Great artistic expressions are made by artists––that is, people who are adept at expressing themselves in a particular medium. A great comic book storyteller does not necessarily make a great film director or screenwriter (re: Frank Miller’s Will Eisner’s The Spirit)––a great director makes a movie great. If properties are being adapted into other media, I’d much rather see an artist of that medium approach the work so that the adaptation will mean something on its own and to not simply be “the movie version” or “the tv version.” Such requirements diminish the importance of the source material when being adapted. I point to things like the Hellboy movies––the second one, especially, feels right at home in Guillermo Del Toro’s oeuvre. I point to The Walking Dead––both the tv show and Telltale’s episodic video game series. I point to Darwyn Cooke’s Parker graphic novels. I point to Game of Thrones.
All of these adaptations are done right––they focus on making a good example of the medium which is neither a “dumbing down” of a property to appeal to as wide an audience as possible, nor a point-for-point recreations of the originals. They want to make a good movie, game, comic, or television show first rather than just make the source material dance like a marionette. What makes a good book does not make a movie good. A good adapter knows that and works with the ideas, themes, and characters of the source material to make them as viable to the new medium as they were to the original. To do that may require changes, however, but if those changes are made out of the same desire to tell a good story––the same motivation as the original creator––then it should yield good results. Differences don’t make things bad––that’s called bigotry. Differences are just different, and as a fan it’s important to ask why––not just in terms of the story, but in terms of the medium.
The truth is the correlation between adaptations and their source material is more akin to alternate universes than family relationships. They rarely feed off on one another, especially once they get going. The choices one makes neither adversely nor, necessarily, favorably affects the other. They are separate entities and should be viewed that way. I’m sure the A Song of Ice and Fire novels have much more complexity and intricacy in terms of plot and character; I understand that. Game of Thrones, for a tv show, is just as wonderfully complex and dynamic––compared to other tv shows. And though A Song of Ice and Fire fans have been clamoring eagerly for book 6 in the series for three years––a book which will hold much more information and story than the tv show could ever muster––I’m comforted by the fact that I know I only have to wait a year for season 5.a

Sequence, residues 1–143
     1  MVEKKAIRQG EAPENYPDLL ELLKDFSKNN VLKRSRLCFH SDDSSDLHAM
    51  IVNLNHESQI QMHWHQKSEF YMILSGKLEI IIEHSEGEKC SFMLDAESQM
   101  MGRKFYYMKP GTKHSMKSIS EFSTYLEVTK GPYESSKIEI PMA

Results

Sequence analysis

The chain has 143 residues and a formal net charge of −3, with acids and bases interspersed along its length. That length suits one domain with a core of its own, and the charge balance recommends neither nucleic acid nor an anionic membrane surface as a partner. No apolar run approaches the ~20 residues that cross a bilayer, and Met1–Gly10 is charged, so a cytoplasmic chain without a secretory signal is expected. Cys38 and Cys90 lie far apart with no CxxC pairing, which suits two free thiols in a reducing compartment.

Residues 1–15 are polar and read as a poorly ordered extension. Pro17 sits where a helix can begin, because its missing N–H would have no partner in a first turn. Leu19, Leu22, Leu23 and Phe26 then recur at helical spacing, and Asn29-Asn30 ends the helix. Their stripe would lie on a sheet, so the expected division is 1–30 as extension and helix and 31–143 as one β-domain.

Category:boasts of bethel -- posted at: 2:00am PDT
Thu, 12 June 2014
We're back for episode three! This week Andrew and Dan get into trouble talking about topics such as:
-Andrew's recent decent into Bronyhood...sort of.
-Dan left his house, for once, to see a movie!
-Dan also talks about "next gen" gaming.
-Then they come back to talk about the indie game movement, spurred on by this Gamasutra article.
-To right this vehicle, they then talk about Doctor Who again, this time discussing the 2nd Doctor's exit story, The War Games.
-Yes, they know E3 is going on right now. No, they don't talk about it.
As always, they would like to hear from you about what you thought of the episode! You can do that by leaving a comment at the episode page, found at forall.libsyn.com. You can also send them an e-mail at forallpod [at] gmail.com.
For all intents and purposes, this is a blog post.
Music from this episode includes:
-Stayin' in Black by Wax Audio
-I Am the Doctor by Jon Pertwee
Thu, 12 June 2014